- T Dec 18, 2001 04:53 AM
My Christmas dinner guests suggested a Honey Baked Ham, something I'm not thrilled with.
But maybe a wine will help?
Problem -- I have no idea which wine would do the job, as I don't eat Honey Baked all that much. -- (Beaujolais? I'm guessing here)
I've serving 20 adults. Something reasonably priced would be nice.
Also, does anyone have any ideas how to dress up a HB Ham so that I don't feel as if I'm serving warm cold cuts?
Thank you and Happy Holidays to all.
Actually I thought about that, but the company I'm having are coming from the city (NYC) and they tasted Ham from The Honey Baked Ham Company while out on the Island once before and believe they can ONLY get it here, on Long Island.
So I conceded, after wondering if they are half crazy with all the good food they have available for purchase in the city . (& it'll leave the oven free for me too)
It's a real ham and pretty good but not what I had in mind for Christmas dinner.
I will do a pasta dish prior to the ham and of course all the other traditional Italian treats and a few surprises.
Here's the Ham Company - http://www.hbhship.com/hbma_Store/hom...
I am only getting a ham from them.
Here's a fabulous recipe for honey baked ham. I make this recipe at least 3 times a year and it's always a hit.
Honey Baked Ham
1 smoked ready-to-eat ham (13 to 15 pounds)
2 to 3 bottles gingerale
3 cups dry white wine
5 tablespoons deli-style mustard (or Dijon, your choice), I like Beaver brand
1/3 cup orange blossom honey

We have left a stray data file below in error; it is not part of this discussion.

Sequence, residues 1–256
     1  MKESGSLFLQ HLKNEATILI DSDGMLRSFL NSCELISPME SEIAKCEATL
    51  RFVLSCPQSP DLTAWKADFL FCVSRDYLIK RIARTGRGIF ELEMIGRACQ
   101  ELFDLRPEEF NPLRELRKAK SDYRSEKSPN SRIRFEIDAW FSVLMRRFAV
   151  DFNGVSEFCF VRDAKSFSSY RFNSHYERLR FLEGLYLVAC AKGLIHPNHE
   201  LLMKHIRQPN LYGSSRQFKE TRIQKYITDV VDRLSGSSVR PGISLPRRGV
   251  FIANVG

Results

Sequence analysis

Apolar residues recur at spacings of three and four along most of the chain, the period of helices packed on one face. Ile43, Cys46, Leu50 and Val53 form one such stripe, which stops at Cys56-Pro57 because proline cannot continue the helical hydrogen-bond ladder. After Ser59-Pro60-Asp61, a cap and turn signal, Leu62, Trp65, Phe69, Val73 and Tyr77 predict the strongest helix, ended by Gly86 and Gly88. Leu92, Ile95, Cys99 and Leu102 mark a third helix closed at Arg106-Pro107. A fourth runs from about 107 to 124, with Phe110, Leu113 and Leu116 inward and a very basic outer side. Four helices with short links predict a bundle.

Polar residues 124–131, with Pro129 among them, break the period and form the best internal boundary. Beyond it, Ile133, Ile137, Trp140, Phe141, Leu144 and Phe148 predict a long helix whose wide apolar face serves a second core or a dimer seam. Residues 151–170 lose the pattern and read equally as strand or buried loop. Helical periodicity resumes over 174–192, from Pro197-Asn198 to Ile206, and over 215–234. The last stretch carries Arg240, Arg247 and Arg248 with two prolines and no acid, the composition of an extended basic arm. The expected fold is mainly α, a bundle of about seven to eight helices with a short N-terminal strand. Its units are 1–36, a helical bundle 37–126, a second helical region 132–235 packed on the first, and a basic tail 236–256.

1/3 cup real maple syrup
1 1/4 cups chicken stock
3 tablespoons real maple syrup
2 tablespoons deli-style mustard (or Dijon, your choice)
2 teaspoons cornstarch
Remove the rind and score with diagonal cross-cuts. Put ham in a close-fitting kettle, and cover with Gingerale. Bring to a boil, then simmer for 20 to 30 minutes. This step removes the too SALTY taste, and adds a delicate flavor. Drain the Gingerale; add ham to a roasting pan, and pour the wine over it. Cover with foil, and bake at 350` for 1 hour.
Combine the glaze ingredients. After the ham has baked 1 hour. Brush the ham with the glaze, using ALL of the mixture. Return ham to the oven (uncovered), and bake an additional 1-1/2 hours, or until internal temp. reaches 140 degrees. Baste occasionally, after the glaze has "set", about 45 minutes. If the glaze gets too dark before the temp gets to 140 degrees, tent the ham with foil.
When the ham is done, transfer it to a serving plate, and loosely cover with foil to keep warm.
Skim the fat from the juices, reserving all the juice and caramelizing bits from the glaze. Heat this to a boil along with 1 cup of the chicken stock (reserving 1/4 cup), syrup and mustard. Dissolve the cornstarch in 1/4 cup of the reserved chicken stock, and whisk it into the sauce to thicken. The sauce should be a rich dark color. Strain and put into a gravy boat. Serve the sauce over the ham.
** NOTE: In step 1, "close-fitting kettle" means the tightest fitting kettle you can fit the ham into, so it takes less gingerale to cover it.
Adapted from Anne Lindsay Greer, Foods of the Sun
From reading the replies you received it sounds like not many people are familiar with the Honey Baked Ham. Actually its available in lots of locations including (believe it or not) out here in the Cleveland area.
Anyway, I would suggest you go with a wine on the sweet side, which would mean the German ones. Of the 3 degrees of sweetness available (Kabinett, Spatelese, Auslese) go for the Kabinett. This has the least amount of residual sugar of the three and lots of people don't like wine that's too sweet. Make sure you get a wine that has the phrase "Qualitatswein Mit Pradikat" on the bottle. I don't want you to get stuck with something like Blue Nun (yech). If you stick with these basic caveats almost any German wine you pick should be good since the rest of the selection is a matter of personal taste. Perhaps your local wine store has someone who could also make a recommendation. The sweet taste of the ham will probably spoil the taste of any red wine you would get. A Pinot might work however.